The 7th Circuit Court of Appeals heard the appeal of a case challenging the parsonage allowance that lets religious ministers pay far lower taxes than non-ministers. The case was filed by Dan Barker and Annie Laurie Gaylor of the Freedom From Religion Foundation. Courthouse News Service reports on the oral argument:
The Freedom from Religion Foundation is the lead plaintiff in the challenge against the secretary of the Treasury and the commissioner of the Internal Revenue Service.
It told the 7th Circuit in its brief that Section 107(2) “undeniably confers a significant tax benefit upon religious clergy that is not available to nonclergy taxpayers.”
“Only ministers can exclude cash housing allowances, a result that is patently unfair,” the group’s attorney Richard Bolton with Boardman and Clark wrote.
He went directly to the religious issue at the 7th Circuit hearing Tuesday.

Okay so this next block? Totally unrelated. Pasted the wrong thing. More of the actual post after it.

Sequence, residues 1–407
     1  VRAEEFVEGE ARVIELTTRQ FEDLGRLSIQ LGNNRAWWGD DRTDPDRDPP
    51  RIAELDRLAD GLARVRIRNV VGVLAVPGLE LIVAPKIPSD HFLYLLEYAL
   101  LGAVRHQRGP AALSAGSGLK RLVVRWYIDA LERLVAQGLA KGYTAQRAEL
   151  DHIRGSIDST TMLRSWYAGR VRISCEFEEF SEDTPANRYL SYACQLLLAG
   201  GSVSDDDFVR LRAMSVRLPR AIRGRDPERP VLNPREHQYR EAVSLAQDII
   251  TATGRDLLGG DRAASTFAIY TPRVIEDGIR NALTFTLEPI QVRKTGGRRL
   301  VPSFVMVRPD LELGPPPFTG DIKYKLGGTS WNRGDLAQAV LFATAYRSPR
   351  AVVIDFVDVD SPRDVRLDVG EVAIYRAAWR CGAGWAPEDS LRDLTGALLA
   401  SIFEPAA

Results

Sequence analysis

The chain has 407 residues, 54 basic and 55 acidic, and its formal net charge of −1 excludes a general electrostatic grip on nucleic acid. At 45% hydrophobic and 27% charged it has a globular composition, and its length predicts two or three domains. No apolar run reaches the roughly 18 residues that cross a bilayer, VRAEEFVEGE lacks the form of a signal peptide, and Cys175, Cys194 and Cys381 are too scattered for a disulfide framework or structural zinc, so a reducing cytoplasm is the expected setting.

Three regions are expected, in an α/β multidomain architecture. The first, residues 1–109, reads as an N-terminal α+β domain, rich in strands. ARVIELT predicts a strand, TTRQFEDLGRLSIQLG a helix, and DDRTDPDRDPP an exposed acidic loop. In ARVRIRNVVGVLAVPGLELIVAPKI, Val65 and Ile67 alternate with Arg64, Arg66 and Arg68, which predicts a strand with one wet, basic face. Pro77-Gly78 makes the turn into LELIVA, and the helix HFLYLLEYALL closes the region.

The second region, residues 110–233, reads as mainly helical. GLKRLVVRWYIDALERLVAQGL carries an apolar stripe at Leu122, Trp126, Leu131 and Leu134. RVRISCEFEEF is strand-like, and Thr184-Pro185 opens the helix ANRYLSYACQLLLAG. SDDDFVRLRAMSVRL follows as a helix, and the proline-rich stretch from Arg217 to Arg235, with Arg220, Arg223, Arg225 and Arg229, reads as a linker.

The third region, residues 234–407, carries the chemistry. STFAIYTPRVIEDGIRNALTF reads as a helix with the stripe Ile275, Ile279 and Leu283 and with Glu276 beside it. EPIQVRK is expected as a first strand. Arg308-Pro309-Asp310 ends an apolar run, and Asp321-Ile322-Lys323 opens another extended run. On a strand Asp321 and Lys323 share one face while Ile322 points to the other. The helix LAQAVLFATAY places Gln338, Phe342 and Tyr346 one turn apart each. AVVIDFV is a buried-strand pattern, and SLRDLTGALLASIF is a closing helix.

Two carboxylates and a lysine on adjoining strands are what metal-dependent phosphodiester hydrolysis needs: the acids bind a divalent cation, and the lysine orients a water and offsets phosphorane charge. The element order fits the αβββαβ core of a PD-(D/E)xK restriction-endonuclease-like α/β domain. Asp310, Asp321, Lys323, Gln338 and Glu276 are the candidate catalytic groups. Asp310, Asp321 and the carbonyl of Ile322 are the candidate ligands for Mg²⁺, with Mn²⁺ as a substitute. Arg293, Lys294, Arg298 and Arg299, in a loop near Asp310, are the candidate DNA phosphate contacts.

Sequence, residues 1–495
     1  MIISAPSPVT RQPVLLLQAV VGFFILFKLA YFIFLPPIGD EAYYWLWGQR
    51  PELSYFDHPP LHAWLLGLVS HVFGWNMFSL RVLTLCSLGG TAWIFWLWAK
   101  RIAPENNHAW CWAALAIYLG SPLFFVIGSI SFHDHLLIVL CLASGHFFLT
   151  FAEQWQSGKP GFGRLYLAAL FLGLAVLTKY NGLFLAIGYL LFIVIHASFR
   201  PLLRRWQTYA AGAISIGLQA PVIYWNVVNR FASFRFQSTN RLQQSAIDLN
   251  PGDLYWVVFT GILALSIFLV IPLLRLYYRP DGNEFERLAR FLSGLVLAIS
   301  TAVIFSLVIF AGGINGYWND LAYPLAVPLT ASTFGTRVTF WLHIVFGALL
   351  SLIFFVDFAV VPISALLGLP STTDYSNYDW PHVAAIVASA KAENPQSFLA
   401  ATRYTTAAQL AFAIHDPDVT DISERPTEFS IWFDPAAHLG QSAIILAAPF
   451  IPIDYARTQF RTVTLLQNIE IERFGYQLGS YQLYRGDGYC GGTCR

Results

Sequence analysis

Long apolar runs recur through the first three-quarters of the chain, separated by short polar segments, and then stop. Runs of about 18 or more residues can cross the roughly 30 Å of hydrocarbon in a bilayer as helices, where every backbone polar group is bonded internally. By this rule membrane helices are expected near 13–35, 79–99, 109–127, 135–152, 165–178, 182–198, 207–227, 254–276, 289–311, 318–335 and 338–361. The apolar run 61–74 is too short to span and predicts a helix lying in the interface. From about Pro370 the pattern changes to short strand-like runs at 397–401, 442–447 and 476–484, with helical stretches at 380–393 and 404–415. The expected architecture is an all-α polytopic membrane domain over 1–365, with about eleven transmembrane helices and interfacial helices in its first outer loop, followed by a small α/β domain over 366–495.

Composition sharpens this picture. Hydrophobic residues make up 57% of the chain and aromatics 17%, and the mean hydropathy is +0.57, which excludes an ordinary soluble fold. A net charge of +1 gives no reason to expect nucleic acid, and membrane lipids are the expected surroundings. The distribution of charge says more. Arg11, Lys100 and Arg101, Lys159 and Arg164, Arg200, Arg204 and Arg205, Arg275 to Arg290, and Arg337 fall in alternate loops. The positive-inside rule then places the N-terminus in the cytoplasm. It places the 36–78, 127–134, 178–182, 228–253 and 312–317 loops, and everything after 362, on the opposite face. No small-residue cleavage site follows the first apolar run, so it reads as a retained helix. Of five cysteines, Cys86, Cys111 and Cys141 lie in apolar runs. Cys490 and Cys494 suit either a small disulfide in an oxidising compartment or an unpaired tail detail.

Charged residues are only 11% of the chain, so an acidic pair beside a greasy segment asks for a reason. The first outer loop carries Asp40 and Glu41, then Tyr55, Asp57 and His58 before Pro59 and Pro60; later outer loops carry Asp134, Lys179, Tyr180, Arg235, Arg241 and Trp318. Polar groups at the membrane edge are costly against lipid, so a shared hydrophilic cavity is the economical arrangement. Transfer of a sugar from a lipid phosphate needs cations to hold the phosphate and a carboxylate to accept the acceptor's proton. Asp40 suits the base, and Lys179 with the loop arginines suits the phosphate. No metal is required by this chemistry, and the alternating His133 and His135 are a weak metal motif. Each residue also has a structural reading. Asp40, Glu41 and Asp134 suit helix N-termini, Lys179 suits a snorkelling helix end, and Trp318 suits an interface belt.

“If you’ve got a benefit that’s widely available for which religion is only one component, then you’re OK,” Bolton said. Benefits solely based on religion are on the other hand unconstitutional.
Indeed the plaintiffs’ brief says: “whereas even the Bible commands citizens to ‘render on to Caesar the things which are Caesar’s,’ the government simply dismisses basic principles of neutrality and fairness when it comes to clergy taxation.”
In a discussion of standing, Justice Department attorney Judith Hagley said that the plaintiffs cannot challenge a tax benefit that has not been personally denied to them, as opposed to being only generally unavailable.
“Taxpayers do not have standing to litigate others’ tax liability,” Hagley said.
Even under the incredibly ludicrous standing doctrine the Supreme Court has foisted on the country, this seems like a losing argument. They aren’t litigating others’ tax liability, they are litigating their own. If the government gives a tax benefit to one group but not to others who are similarly situated, there is a clear Equal Protection Clause issue (whether that’s a winning issue is a separate question, but to dismiss on standing grounds would be absurd).